Master of Ecstasy
There are plenty of romances with humorous covers that don’t reflect the serious story inside. But I’m not sure I’ve ever seen a cover this serious on a book as unserious as Master of Ecstasy. The cover is so dark and brooding most readers would never guess what a goofy and outlandish story lurks inside. A vampire hero and a time-traveling heroine take on ghosts, Vikings, a telepathic cat, psychotic vampire groupies, and a castle full of horny tourists in Scotland circa 1785. Dark and brooding, it isn’t.
Blythe 56-2310 comes to Castle MacKenzie as part of a time-travel vacation offering sexual pleasures in the past. The twenty-fourth century woman has no intention of pairing up like the rest of her fellow travelers. She’s there strictly on business, to prove that she can maintain a business relationship with a client she’s assigned to make happy.
Unfortunately for her, there are forces at work just as determined to break her resolve. There’s Sparkle Stardust, the cosmic troublemaker currently in disguise as a cat. Wreaking sexual havoc is her specialty, and she takes Blythe’s resolution as a personal challenge. Then there’s Darach MacKenzie, the vampire currently residing in the castle’s tower. He’s not pleased to find these interlopers from different times storming his ancestral home. Blythe is a welcome distraction though, and he immediately turns his attentions to bedding her. The woman says she’s not interested in sleeping with him. So the randy vampire sets about changing her mind.
This is a very silly and over-the-top story, especially when it comes to the sex. Everyone in the castle seems to be in heat and Darach in particular spends much of the story acting like a walking hormone. But it’s still an entertaining one as long as you don’t try to take it too seriously. It’s the kind of book that requires the reader not ask too many questions or give the plot too much scrutiny. It also moves so fast there’s hardly enough time to do so. Bangs writes with a lot of energy that keeps the story bouncing along without becoming too manic. There are plenty of funny lines and clever touches, as long as your funny bone is okay with some silly humor.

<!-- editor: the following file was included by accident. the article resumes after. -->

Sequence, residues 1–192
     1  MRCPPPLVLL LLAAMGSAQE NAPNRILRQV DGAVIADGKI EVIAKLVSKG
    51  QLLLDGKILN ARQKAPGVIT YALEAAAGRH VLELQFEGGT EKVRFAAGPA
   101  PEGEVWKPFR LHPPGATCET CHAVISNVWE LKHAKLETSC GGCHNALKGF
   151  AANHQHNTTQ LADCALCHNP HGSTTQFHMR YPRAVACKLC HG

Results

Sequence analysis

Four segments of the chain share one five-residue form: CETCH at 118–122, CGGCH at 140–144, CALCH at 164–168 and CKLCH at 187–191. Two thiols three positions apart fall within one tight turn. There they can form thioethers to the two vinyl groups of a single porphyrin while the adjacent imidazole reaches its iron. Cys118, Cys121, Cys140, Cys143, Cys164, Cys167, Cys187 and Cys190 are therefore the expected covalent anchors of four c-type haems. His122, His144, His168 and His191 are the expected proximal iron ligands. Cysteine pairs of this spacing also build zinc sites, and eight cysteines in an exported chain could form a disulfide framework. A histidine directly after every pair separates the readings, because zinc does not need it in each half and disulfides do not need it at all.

The problems I had weren’t with the material, but with some of the author’s style. I like dialogue-driven books as much as the next reader, but in this case there was a little too much talk and too little action. The main characters engage in these long conversations that often seem like they’ll never stop (although one of Darach’s lines, which can’t be repeated here, when Blythe tries prolonging one conversation is classic). It’s not often I want to see more of the secondary characters and less of the main ones, but that’s what happened here. The other characters, particularly Sparkle Stardust, were all a lot of fun, and their appearances helped to break up some of the monotony of Blythe and Darach’s talking, talking, talking. I wish there’d been more of them.
This gets better late in the book, when Darach and Blythe have to fight off some threats to the castle. Blythe in particular gets to kick into action mode, which is fun. In addition to breaking up the pace a little more, it also adds a little more emotion to the characters’ relationship. There’s a misunderstanding that threatens to come up, but while one of the character’s beliefs about the other was wrong, I still liked the way the person handled it. It was a little surprising to discover that a romance that started out so silly managed to make me care by the end.
Master of Ecstasy certainly isn’t a book for everyone, but readers looking for an outlandish, high-energy, and randy read will find a fun one here. Think of this one as a guilty pleasure.